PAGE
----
With respect to dietary intake, our hypotheses were partially correct regarding associations between Assorted Snacks and Processed Foods and worse performance in all EF subscales. We also saw a similar pattern of relations at a correlational level between the Fruit Juice and Sweet Items subscale and all EF subscales. This indicates that various types of food may impact a child’s performance in EF-related tasks. Researchers found, using NHANES data, that nearly all children aged 2 to 5 years old consumed a snack on a specific day, with 62% occurring in the morning, 84% in the afternoon, and 72% in the evening. They found that these snacks accounted for 28% of total energy intake, and many of these snacks also included beverages consumed within a specific day [60]. These findings further illustrate that snacks and certain beverages are prominent within young children and how we need to be more aware of how influential snacks and beverages can be to a young child’s diet and lifestyle. Consistent with previous research [10,24,26,27,29], diet quality may influence a child’s or adolescent’s performance in EF-related tasks, and this may further influence their cognitive abilities. This warrants further investigation to understand how diet quality affects younger children’s developing EF capacities. Many caregivers assist with feeding when children are young, so future researchers need to examine further how this relationship and assistance might influence a child’s dietary intake.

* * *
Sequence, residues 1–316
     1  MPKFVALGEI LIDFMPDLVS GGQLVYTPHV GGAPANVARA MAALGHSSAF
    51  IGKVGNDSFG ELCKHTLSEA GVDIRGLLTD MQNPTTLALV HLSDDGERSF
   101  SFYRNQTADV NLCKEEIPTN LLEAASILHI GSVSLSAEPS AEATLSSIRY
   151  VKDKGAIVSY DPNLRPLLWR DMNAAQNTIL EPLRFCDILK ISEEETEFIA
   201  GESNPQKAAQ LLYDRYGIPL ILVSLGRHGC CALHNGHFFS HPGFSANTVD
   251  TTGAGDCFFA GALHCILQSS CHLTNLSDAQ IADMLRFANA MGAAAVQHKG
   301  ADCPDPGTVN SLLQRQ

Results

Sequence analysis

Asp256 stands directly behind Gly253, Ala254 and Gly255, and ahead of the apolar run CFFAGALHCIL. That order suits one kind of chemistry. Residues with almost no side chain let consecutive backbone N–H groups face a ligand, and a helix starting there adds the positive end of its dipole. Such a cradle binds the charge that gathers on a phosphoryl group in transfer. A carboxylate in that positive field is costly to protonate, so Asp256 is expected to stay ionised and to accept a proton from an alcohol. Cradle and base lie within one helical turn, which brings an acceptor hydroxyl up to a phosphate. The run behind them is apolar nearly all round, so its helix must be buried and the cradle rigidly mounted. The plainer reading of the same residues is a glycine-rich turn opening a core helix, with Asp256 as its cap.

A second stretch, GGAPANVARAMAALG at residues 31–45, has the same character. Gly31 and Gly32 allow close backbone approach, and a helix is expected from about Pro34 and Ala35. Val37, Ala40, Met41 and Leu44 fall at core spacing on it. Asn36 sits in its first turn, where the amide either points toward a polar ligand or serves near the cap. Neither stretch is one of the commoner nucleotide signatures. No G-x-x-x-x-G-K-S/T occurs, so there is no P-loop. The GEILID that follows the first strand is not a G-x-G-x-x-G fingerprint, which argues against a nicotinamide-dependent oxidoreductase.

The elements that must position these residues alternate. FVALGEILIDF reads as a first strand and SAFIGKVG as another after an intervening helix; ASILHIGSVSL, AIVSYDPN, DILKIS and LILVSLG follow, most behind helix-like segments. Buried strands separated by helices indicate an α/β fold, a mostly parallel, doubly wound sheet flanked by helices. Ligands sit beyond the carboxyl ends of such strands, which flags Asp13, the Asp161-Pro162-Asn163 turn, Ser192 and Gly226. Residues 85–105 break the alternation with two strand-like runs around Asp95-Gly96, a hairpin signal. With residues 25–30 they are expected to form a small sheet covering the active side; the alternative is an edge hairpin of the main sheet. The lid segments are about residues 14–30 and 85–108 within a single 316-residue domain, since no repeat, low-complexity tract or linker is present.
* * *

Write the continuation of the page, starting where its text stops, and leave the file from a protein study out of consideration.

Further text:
There are also limitations to this study. The sample was not diverse with respect to race/ethnicity and income. Therefore, the findings are not generalizable, and diverse family contexts and relationships should be examined in the future. No causal inferences can be made regarding the discovered associations based on the correlational design, highlighting the need for longitudinal and experimental methodologies. Future research should incorporate multiple measures of dietary intake, EF, and household chaos to understand these results further.
Despite these limitations, the current findings are novel and contribute to the literature on EF in children aged 18 to 24 months. For example, they further support the notion that the nature of the household environment, specifically household chaos, may influence young children’s developing EF capacities. As such, preventions focused on activities and support for parents to establish healthy routines and lower unhealthy food intake in their children might help mitigate EF problems. Furthermore, the data suggest that children’s unhealthy dietary intake may also be related to the household environment, and these associations warrant future study. These factors might impact a child and family on multiple levels and have implications for children’s developing EF capacities.